Demonstrators in Murrieta on July 11, 2014 across from the Border Patrol stationLindsay Foster Thomas
John Henry, who is so keen to prove he's from Murrieta that he displays his driver's licence, says he is there because he is worried about immigrants.
"I'm out here today to show support for the border patrol guys and to also let the federal government know that we're not going to let them use our small town as a refugee camp. And that they're treating these people incorrectly," says Henry. "They need to be brought to a facility that can properly help them. The facility here only holds 25 people, and they're putting 140 people into that area."
Henry thinks the message of what he calls "the rallies," has been distorted. He says things turned ugly in early July, thanks to outsiders coming in town. He's sympathetic to business owners' concerns, but he has his own economic worries.
Demonstrator John Henry speaks with Marketplace reporter Noel KingLindsay Foster Thomas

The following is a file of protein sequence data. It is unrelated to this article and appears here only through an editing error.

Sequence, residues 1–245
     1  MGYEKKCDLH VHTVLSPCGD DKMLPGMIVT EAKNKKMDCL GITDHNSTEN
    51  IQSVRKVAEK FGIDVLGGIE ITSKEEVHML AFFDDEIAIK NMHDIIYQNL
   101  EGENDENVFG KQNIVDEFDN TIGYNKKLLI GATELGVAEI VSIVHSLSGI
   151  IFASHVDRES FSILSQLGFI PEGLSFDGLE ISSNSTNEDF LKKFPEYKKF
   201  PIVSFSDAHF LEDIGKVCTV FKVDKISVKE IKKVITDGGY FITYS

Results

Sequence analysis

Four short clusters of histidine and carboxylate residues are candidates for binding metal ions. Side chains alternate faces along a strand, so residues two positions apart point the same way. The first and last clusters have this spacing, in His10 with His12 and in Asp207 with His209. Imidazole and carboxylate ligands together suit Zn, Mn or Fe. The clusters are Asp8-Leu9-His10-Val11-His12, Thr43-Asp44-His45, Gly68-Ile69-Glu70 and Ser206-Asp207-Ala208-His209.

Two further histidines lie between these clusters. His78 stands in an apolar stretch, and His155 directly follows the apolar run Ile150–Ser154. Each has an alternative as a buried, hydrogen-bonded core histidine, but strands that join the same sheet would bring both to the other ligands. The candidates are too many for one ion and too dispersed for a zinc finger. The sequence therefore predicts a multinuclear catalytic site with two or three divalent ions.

"The majority of the people in this area - if you look at the demographics - that are unemployed are white males, ages 18 to 32," Henry says, describing the demographic category he falls into. "Finding work around here is very hard. Especially when we have thousands of people migrating through this area."
For now, the buses have stopped coming in to the city. But immigration protests have sprung up in places like Oracle, Arizona, another town that may have to start thinking about its reputation.
For more on Murrieta’s business climate, visit the Wealth & Poverty desk blog on Medium: http://ow.ly/zi9v5.
The case applies only in Monroe County, which includes Key West, and will almost certainly be appealed. But a similar case is pending in Miami.
The Ebola treatment center in Kailahun is the largest ever built, with 64 beds. A visit reveals the toll on the staff — and how much of the Ebola-fighting budget literally goes up in smoke.